All adverse reactions were ocular. The most commonly reported were vitreous floaters, eye pain and photopsia, as well as conjunctival haemorrhage resulting from the injection procedure. Most of the adverse reactions occurred within the first week after the injection. The majority of these reactions were non-serious, mild in intensity and resolved within 2 to 3 weeks.
. ThromboGenics and Alcon internal estimates
. Idiopathic macular hole. American Academy of Ophthalmology; 2008
. Stalmans P. Management and intervention strategies for symptomatic vitreomacular adhesions. Retinal Physician 2011
. Koerner F & Garweg J. Vitrectomy for macular pucker and vitreomacular traction syndrome. Doc Ophthalmol 1999;97:449-458
. Dugel PU, Brown DM, Humayun MS et al. Symptomatic vitreomacular adhesion: diagnosis, pathologic implications, and management. Retina Today 2011;(Suppl):1-14
. Stalmans P, Benz MS, Gandorfer A et al. Enzymatic vitreolysis with Ocriplasmin for vitreomacular traction and macular holes. N Engl J Med 2012;367:606-615
JETREAŽ (Ocriplasmin) is a truncated form of human plasmin. In the US, JETREAŽ is indicated for the treatment of symptomatic VMA. In Europe, JETREAŽ is indicated for the treatment of vitreomacular traction (VMT), including when associated with macular hole of diameter ? 400 microns. JETREAŽ is a selective proteolytic enzyme that cleaves fibronectin, laminin and collagen, three major components of the vitreoretinal interface that play an important role in vitreomacular adhesion.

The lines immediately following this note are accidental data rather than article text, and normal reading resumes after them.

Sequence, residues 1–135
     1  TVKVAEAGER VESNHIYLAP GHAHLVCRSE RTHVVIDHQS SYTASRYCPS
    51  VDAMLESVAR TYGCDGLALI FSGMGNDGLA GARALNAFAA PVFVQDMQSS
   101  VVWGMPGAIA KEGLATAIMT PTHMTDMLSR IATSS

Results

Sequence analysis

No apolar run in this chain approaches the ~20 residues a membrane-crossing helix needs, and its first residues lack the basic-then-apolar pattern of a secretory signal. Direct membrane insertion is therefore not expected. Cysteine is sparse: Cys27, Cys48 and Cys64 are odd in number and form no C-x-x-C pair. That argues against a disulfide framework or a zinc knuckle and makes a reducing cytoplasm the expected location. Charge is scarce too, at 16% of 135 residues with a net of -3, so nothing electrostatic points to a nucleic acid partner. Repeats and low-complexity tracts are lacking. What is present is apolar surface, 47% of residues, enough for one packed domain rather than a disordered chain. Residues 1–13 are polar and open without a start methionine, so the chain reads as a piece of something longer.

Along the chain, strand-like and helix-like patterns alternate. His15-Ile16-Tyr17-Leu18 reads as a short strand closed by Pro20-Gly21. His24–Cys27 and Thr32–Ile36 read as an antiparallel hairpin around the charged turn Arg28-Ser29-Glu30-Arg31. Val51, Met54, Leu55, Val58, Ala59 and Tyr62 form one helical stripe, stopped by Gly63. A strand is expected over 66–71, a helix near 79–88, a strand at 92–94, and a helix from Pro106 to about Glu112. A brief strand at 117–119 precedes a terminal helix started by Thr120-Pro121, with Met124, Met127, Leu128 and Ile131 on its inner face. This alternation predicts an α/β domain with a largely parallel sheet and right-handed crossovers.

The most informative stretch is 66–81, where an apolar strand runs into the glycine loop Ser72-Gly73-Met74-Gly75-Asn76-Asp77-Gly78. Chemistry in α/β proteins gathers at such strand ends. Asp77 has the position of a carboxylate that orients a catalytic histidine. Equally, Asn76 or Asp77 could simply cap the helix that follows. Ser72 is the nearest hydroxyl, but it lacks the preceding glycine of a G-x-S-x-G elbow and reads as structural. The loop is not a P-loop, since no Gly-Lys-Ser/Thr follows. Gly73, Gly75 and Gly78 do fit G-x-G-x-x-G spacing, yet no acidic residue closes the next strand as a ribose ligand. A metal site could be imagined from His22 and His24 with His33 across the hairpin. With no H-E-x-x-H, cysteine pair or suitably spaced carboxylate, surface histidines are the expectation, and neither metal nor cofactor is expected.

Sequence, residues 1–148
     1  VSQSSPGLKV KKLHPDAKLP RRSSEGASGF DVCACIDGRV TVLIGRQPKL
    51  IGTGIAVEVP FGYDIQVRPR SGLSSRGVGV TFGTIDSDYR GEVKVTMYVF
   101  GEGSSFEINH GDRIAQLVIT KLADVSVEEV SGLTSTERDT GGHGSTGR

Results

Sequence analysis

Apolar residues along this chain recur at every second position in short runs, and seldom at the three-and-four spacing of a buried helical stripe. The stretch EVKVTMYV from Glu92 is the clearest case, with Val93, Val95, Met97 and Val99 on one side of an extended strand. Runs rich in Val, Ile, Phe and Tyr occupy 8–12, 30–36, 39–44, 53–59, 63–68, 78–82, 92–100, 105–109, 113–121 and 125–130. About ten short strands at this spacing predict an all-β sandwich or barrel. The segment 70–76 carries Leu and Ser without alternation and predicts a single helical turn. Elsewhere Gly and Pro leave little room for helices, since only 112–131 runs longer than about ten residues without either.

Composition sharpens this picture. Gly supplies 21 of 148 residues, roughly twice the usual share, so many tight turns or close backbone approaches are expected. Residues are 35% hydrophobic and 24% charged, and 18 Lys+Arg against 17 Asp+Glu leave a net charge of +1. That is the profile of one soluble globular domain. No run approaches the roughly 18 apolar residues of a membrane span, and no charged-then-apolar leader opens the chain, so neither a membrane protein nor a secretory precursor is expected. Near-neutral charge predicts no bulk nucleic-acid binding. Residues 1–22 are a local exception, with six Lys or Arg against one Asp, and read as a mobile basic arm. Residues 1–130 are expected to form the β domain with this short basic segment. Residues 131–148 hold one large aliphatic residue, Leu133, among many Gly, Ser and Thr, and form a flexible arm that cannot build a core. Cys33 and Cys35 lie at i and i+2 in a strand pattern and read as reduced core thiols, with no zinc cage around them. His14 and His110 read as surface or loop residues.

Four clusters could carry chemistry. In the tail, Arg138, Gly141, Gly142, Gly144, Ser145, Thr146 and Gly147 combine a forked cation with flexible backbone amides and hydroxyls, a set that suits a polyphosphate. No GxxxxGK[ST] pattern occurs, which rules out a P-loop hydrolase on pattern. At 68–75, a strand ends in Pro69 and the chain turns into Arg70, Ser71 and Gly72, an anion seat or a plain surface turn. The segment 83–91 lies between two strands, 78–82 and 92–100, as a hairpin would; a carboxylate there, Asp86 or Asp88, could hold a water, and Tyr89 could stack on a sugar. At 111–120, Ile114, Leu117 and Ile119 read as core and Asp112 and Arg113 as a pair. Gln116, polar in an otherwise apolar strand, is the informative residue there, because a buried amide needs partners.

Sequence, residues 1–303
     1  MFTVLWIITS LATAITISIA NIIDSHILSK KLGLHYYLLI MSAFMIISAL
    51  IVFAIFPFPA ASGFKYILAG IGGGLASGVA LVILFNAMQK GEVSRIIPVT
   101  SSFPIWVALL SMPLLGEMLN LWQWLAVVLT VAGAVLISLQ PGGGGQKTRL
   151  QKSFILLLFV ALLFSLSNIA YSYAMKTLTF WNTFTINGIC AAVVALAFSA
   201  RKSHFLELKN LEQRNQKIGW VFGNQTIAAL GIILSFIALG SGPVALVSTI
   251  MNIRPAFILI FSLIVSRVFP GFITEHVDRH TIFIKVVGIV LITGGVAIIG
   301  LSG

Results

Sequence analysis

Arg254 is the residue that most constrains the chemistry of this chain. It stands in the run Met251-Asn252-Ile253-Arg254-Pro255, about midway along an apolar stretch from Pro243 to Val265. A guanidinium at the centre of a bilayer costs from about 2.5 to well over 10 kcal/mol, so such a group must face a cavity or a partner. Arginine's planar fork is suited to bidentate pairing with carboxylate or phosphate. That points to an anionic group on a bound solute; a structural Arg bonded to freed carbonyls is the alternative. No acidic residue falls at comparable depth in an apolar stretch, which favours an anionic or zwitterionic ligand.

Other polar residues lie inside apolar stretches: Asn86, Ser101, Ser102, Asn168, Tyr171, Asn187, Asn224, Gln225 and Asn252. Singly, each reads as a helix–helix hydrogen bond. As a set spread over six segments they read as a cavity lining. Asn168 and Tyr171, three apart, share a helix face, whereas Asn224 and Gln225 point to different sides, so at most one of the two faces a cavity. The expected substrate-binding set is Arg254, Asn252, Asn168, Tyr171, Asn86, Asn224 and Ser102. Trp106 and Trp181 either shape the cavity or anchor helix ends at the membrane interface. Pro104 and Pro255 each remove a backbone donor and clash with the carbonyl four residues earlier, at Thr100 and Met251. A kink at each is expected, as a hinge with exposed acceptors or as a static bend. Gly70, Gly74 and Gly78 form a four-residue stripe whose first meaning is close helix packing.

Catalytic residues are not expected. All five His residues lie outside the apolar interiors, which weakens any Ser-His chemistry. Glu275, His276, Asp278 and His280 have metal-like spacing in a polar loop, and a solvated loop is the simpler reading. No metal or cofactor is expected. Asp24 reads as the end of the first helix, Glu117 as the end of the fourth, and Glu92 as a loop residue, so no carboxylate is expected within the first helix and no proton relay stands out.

JETREAŽ has been evaluated in two multi-center, randomized, double-masked Phase III trials conducted in the U.S. and Europe involving 652 patients with vitreomacular adhesion. Both studies met the primary endpoint of resolution of VMA at day 28.
JETREA's Phase III program found that 26.5% of patients treated with Ocriplasmin saw resolution of VMA, compared with 10.1% of patients receiving placebo (p<0.01). The Phase III program also showed that JETREA was generally well tolerated with most adverse events being transient and mild in severity.
ThromboGenics is an integrated biopharmaceutical company focused on developing and commercializing innovative ophthalmic medicines. The Company's lead product, JETREAŽ (Ocriplasmin), has been approved by the US FDA for the treatment of symptomatic VMA and was launched in January 2013.
In March 2012, ThromboGenics signed a strategic partnership with Alcon (Novartis) for the commercialization of JETREAŽ outside the United States. Under this agreement, ThromboGenics could receive up to a total of 375 million in up-front and milestone payments. It will receive significant royalties from Alcon's net sales of JETREAŽ. ThromboGenics and Alcon intend to share the costs equally of developing JETREAŽ for a number of new vitreoretinal indications.
The JETREAEuropean Marketing Authorisation Application is currently under review by the European Medicines Agency. Following the positive CHMP recommendation, a final decision by the European Commission on European approval is expected in the first half of 2013.
ThromboGenics is also further exploring anti-PIGF (Placental Growth Factor), formerly referred to as TB-403, for the treatment of ophthalmic indications.
ThromboGenics is headquartered in Leuven, Belgium, and has-offices in Iselin, NJ (US) and Dublin, Ireland. The Company is listed on the NYSE Euronext Brussels exchange under the symbol THR. More information is available at http://www.thrombogenics.com.